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Death of actress aided by state’s failure to protect data in 1989

(Editor’s note: The following article is adapted from the California Department of Technology’s Statewide Privacy Program.)

Story submitted by EIS

The 1989 death of actress Rebecca Schaeffer is a prominent example of failure to safeguard confidential and personal data entrusted to a state agency.

In that case, a private investigator, hired by an obsessed fan, was able to obtain Rebecca Schaeffer’s address through her California motor vehicle record.

Woman looking at camera
Rebecca Schaeffer

The fan used her address information to stalk and to kill her, thus the enactment of the Drivers Privacy Protection Act (DPPA), Public Law No. 103-322 codified as amended by Public Law 106-69.

Originally enacted in 1994 to protect the privacy of personal information assembled by State Department of Motor Vehicles (DMVs), the DPPA prohibits the release or use by any State DMV (or any officer, employee, or contractor thereof) of personal information about an individual obtained by the department in connection with a motor vehicle record.

It sets penalties for violations and makes violators liable in a civil action to the individual to whom the released information pertains.

Accidental data release led to stalking

More recently, in another department, a claimant file was inadvertently transmitted to an incorrect party. The recipient contacted the individual data subject and requested to meet her to return her information. After meeting her, the recipient proceeded to stalk her.

Today, due to similar potential harms, we see new privacy protection laws introduced and enacted each year. Almost 34% of reported incidents are information disclosure incidents involving the inadvertent mishandling of personal information.

Employee due care and due diligence are all that is needed to remedy this situation. Shared Responsibility Managers and Supervisors have the responsibility to ensure proper information handling policies and procedures are adopted, and that all employees are made aware of, receive training, and have acknowledged their understanding of these.

All employees, including managers and supervisors, have the responsibility to ensure they are following state and departmental policies and procedures.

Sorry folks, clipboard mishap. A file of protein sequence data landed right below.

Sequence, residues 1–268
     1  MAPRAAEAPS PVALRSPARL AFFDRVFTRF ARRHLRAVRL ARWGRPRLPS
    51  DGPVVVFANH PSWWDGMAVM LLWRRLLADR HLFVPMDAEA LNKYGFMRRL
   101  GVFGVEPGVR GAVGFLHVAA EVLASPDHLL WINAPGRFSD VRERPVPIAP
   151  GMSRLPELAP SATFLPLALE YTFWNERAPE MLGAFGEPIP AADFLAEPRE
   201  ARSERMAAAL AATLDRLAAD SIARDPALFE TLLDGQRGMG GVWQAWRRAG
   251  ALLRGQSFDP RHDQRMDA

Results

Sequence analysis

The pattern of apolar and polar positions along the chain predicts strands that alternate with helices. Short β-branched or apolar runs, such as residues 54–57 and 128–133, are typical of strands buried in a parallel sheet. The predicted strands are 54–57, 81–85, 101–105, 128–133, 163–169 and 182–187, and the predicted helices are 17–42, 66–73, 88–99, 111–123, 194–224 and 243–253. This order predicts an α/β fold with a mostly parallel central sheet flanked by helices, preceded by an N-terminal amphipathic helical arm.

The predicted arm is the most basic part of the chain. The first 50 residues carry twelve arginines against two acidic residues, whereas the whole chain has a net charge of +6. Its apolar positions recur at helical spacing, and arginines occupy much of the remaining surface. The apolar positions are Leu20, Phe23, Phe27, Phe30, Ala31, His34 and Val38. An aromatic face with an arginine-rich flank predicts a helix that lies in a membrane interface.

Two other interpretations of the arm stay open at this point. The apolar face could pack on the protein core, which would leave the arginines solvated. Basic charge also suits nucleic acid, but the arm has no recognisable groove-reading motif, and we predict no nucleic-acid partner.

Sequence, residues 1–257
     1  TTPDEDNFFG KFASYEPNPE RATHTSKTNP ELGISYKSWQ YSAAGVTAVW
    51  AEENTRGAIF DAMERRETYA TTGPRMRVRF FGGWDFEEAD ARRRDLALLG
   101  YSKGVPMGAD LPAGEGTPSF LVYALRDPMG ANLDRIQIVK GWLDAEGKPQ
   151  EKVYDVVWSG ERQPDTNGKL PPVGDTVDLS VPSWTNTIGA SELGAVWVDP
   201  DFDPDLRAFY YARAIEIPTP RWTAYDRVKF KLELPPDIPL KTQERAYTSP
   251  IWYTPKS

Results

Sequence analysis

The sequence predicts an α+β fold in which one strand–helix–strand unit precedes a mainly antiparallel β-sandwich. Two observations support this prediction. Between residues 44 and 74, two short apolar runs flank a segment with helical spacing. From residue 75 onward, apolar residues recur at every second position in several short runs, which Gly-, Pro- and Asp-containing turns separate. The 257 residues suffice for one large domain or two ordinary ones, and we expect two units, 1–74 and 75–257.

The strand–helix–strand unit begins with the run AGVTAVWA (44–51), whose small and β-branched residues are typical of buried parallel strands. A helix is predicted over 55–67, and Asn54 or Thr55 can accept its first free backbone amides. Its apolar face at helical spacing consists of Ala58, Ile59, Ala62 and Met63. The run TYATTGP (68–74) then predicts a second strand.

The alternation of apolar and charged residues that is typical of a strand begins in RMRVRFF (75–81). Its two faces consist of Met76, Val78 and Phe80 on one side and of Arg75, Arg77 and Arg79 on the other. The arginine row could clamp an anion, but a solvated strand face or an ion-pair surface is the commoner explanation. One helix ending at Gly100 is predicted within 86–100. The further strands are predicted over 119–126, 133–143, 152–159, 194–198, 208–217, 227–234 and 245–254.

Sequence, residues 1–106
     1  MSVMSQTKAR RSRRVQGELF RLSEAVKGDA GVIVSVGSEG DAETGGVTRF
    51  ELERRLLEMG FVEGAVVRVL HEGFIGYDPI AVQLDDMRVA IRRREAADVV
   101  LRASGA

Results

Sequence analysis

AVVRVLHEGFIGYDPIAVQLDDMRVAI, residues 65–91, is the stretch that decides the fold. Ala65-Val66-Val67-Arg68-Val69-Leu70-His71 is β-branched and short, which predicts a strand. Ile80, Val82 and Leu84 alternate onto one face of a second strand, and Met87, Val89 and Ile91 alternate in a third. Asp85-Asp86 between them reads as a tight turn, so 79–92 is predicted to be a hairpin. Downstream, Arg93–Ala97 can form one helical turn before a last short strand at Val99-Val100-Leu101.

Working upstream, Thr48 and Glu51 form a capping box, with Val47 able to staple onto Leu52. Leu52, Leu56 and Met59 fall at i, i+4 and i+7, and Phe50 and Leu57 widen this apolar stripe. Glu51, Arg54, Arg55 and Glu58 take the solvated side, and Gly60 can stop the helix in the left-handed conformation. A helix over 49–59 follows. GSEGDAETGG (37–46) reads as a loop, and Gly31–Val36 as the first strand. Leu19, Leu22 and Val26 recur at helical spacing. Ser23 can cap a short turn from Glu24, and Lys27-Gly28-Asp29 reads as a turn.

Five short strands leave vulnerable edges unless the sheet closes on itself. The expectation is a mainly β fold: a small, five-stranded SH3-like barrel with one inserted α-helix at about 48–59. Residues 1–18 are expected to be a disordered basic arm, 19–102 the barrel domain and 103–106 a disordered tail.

Here are simple information-handling practices that help safeguard personal information:

Sending emails and faxes

Remove or redact confidential or personal information before sending, or encrypt and password protect the document if it must contain confidential or personal information.

Communicate the password separately via telephone or text message. Sending unencrypted emails are vulnerable to attack at every stage from sender to receiver. Keep in mind the data will be stored and accessible on email servers and in back-up files.

Triple check the recipient information. You can’t control information or a file once you hit “send”.

Retrieving documents off a printer or fax machine

  • Triple check the information. Print jobs may get co-mingled with other print jobs, and could lead to an inadvertent information disclosure.

Public counter processing work

  • Ensure records processed, provided or otherwise accessed are for the correct individual before they are released.
  • Do not leave documents containing personal information unattended/accessible on public counter(s).

Traveling for work

  • Keep the mobile device or computing device on your person at all times. 40% of incidents reported state the device(s) was left either unattended only for a few minutes or was left in a trunk/inside of a personal or rental vehicle and upon return they find that the vehicle has been burglarized.
  • Refrain from leaving in an unlocked or locked and unattended vehicle or trunk. If you must leave device in a locked vehicle be sure to secure the device in the trunk or other concealed area before arriving at the destination.

Remote and telework

When/If authorized to take confidential and personal information home for purposes of remote work or telework:

  • Ensure family and other occupants of a shared workspace or home do not have access to the confidential or personal information.
  • Assign passcode to lock/unlock mobile devices and enable multi-factor authentication capabilities for computing devices.
  • Keep the mobile or computing device locked when leaving it unattended.
  • Do not store State sensitive or confidential information on your personal computer.
  • Store any sensitive or confidential information on encrypted media provided by your department.
  • Ensure confidential paper documents are properly disposed of, i.e. shredding.
  • Report security incidents or security concerns to your supervisor immediately.
  • Refrain from using personal email for business use and state issued email accounts for personal business.
  • Always comply with your organization’s policies and procedures to protect specific high risk data elements regulated by HIPAA, IRS, PCI, etc.
  • Never download or copy state data without your Supervisor’s authorization, and never to an unencrypted portable media device.